Deacons ordained for service, charity

The three men ordained May 24 as transitional deacons – the final step before ordination to the priesthood – took different paths to the altar, but Archbishop Gregory Aymond said they will spend the next 12 months of ordained ministry serving as examples of Christian charity for others.

“How will you know if you have effectively lived out the diaconate over the next year?” Archbishop Aymond asked the new deacons at their ordination Mass at St. Louis Cathedral. “If you can say within your own heart, ‘I have come not to be served, but to serve.’ That’s your examination of conscience every day.”

Archbishop Aymond ordained two transitional deacons to serve in the Archdiocese of New Orleans – Deacon Paul A. Clark and Deacon Christopher P. Zavackis – and one man for the Archdiocese of Tororo in his native Uganda – Deacon Mark O. Odoi.

Parish internships coming
After five months of parish internship and then several more months completing their theological studies at Notre Dame Seminary, the transitional deacons are scheduled to be ordained as priests next year. Deacons Clark and Zavackis will serve in the Archdiocese of New Orleans, and Deacon Odoi will return to Uganda for his priestly ministry in 2015.

“In looking at a map, it becomes rather evident that to get to a final destination, there are usually several different paths that one can take to arrive at the same destination,” Archbishop Aymond said before the ordination rite. “That is certainly true of these three men. All three have been called by the Lord God to serve in holy orders, to lead and to serve his people as deacons and, ultimately, we believe, as priests.”

Archbishop Aymond mentioned that Deacon Zavackis had entered St. Joseph Seminary College as a young man and spent one year at Notre Dame Seminary before deciding to pursue a career as a social worker.

“In working with those who had disabilities and through the urging of a priest friend, he heard God more loudly and clearly saying, ‘Chris, come follow me. I need you,’” Archbishop Aymond said.

Katrina left an impression

Deacon Clark came from Ohio to New Orleans after Katrina to work for Habitat for Humanity and then stayed to work rebuilding homes in St. Bernard Parish.

“The people of St. Bernard stole his heart and entered his life, never to leave,” Archbishop Aymond said. “That experience, as well as his involvement in Blessed Seelos Parish, led him to clearly understand and to hear in his own heart, ‘Paul, come follow me. I need you.’”

Deacon Odoi had completed several years of seminary studies in Uganda before an illness caused him to leave and then find work as a high school teacher.

“But the call of priestly ministry kept tugging at his heart,” the archbishop said. “So he returned to the seminary, and he returned because he heard more loudly and clearly, ‘Mark, come follow me. I need you.’”

Heard – and heeded – the call
Summing up their varied backgrounds and paths to ordained ministry, Archbishop Aymond offered his gratitude to God for the men “hearing God’s call amidst the other sounds and noises of our world. There were other calls you could have answered, but you heard God’s call. You said yes to God, and we are here today because you have said a radical yes – and we’re grateful to you.”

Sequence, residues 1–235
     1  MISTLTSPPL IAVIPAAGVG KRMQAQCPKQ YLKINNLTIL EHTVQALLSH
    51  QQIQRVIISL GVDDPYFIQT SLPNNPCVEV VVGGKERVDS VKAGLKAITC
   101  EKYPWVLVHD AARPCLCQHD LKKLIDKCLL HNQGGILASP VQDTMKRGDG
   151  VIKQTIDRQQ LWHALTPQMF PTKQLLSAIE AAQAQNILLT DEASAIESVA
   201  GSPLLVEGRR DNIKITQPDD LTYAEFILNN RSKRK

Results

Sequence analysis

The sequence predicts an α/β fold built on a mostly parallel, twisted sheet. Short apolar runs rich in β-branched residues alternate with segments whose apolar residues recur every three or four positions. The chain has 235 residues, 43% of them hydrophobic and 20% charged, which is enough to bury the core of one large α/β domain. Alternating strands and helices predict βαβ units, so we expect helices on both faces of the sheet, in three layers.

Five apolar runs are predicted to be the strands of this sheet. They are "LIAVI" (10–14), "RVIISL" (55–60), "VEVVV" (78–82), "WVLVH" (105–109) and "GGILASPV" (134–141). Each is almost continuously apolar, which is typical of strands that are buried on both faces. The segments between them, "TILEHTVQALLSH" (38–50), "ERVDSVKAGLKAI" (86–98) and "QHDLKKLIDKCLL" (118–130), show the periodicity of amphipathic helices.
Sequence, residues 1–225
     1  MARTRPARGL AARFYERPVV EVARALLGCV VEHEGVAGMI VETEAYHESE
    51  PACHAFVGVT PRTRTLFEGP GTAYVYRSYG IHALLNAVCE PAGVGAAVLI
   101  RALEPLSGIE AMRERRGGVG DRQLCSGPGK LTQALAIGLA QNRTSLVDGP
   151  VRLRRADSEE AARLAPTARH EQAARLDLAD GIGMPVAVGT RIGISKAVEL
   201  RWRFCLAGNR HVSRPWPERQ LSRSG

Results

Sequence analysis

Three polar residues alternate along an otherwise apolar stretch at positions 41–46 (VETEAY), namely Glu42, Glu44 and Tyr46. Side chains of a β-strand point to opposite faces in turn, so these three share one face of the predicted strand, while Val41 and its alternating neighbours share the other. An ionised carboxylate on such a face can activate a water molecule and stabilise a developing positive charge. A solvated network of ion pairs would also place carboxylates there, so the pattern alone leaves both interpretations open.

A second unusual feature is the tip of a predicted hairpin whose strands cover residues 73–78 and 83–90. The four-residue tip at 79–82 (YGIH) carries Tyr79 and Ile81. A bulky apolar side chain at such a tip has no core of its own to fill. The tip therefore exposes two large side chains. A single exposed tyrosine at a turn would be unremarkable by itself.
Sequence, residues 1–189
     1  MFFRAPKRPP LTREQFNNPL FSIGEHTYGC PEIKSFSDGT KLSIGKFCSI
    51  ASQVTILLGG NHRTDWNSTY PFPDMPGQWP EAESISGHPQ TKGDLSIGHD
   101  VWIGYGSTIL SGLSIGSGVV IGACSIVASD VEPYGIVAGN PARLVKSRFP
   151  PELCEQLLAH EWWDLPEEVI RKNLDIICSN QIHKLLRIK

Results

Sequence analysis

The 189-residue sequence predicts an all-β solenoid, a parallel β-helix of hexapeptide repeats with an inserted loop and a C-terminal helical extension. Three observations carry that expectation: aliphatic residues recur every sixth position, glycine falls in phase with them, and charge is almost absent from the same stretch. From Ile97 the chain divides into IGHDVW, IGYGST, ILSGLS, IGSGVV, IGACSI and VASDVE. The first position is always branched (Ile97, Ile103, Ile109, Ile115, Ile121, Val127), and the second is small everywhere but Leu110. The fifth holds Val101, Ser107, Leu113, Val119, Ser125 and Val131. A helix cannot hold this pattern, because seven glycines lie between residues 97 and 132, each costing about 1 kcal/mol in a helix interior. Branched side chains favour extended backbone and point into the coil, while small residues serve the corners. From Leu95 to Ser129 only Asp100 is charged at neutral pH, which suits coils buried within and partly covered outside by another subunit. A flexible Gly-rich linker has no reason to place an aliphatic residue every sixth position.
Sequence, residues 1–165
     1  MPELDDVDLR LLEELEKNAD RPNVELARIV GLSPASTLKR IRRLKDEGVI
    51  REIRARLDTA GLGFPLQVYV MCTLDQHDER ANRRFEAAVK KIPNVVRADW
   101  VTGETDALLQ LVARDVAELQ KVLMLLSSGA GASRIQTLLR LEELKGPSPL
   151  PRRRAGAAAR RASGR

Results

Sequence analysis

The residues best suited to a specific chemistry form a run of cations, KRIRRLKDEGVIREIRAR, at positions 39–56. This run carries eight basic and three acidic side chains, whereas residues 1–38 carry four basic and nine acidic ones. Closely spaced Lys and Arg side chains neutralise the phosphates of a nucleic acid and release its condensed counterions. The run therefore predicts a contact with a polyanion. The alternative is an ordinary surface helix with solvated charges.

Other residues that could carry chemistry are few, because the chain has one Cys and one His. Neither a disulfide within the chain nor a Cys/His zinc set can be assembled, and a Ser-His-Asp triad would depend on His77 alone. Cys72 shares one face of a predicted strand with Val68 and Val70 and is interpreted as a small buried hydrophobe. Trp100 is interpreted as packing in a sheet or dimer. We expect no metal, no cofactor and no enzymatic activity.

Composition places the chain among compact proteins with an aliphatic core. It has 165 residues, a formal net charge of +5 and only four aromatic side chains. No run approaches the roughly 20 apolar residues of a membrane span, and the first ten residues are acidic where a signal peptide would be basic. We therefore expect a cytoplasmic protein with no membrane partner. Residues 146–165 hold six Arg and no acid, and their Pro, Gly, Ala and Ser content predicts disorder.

In the rite of ordination, the men promised to offer their lives in service to the church and promised obedience to the bishop. They also promised to pray the Liturgy of the Hours, to live a celibate life, preach the Gospel in “word and deed” and be a spiritual leader among God’s people.

They then prostrated themselves before the altar as a sign of submission to God’s will as the choir chanted the Litany of the Saints. The archbishop then called each man to his chair, and he laid hands on him in silence, invoking the Holy Spirit. Then the archbishop offered a prayer of ordination.

Dalmatic: Symbol of service
The rite concluded with the deacons being vested with a stole – a symbol of the clerical state – and a dalmatic – a vestment symboling the service to which the deacon is being called. The deacon was then presented by Archbishop Aymond with the Book of the Gospels, which he will now proclaim and preach.

“What was strongest for me was when I was prostrate on the floor,” Deacon Zavackis said after the ordination Mass. “I’ve prayed this prayer many times, even before coming into the seminary, but as I was prostrate on the floor, I asked God to configure my hands, my arms, my heart, my thoughts, my mouth, what comes out of my mouth, more closely to God.”

Deacon Clark said one of the first people he saw as he processed from the cathedral was a young couple.

“Walking out of the cathedral, I had the awareness of, ‘Lord, where are you sending me to serve?’” Deacon Clark said. “It was seeing people as the Lord’s beloved and his desire to go out into all parts of the earth and wash their feet and love. I saw this beautiful couple, and I greeted them. They are part of my prayer intentions. They are part of who I bring to the altar. I’m asking the Lord to continue to form me and conform me unto his heart so that I can be the servant God is calling me to be.”

Deacon Odoi said he hoped his family in Uganda, who could not travel to the ordination, would be able to see video clips of the liturgy.
“I’m just so excited, so glad and so happy to be ordained a deacon,” he said. “I have been looking forward to diaconal ministry. I am so grateful for this wonderful day.”

Peter Finney Jr. can be reached at

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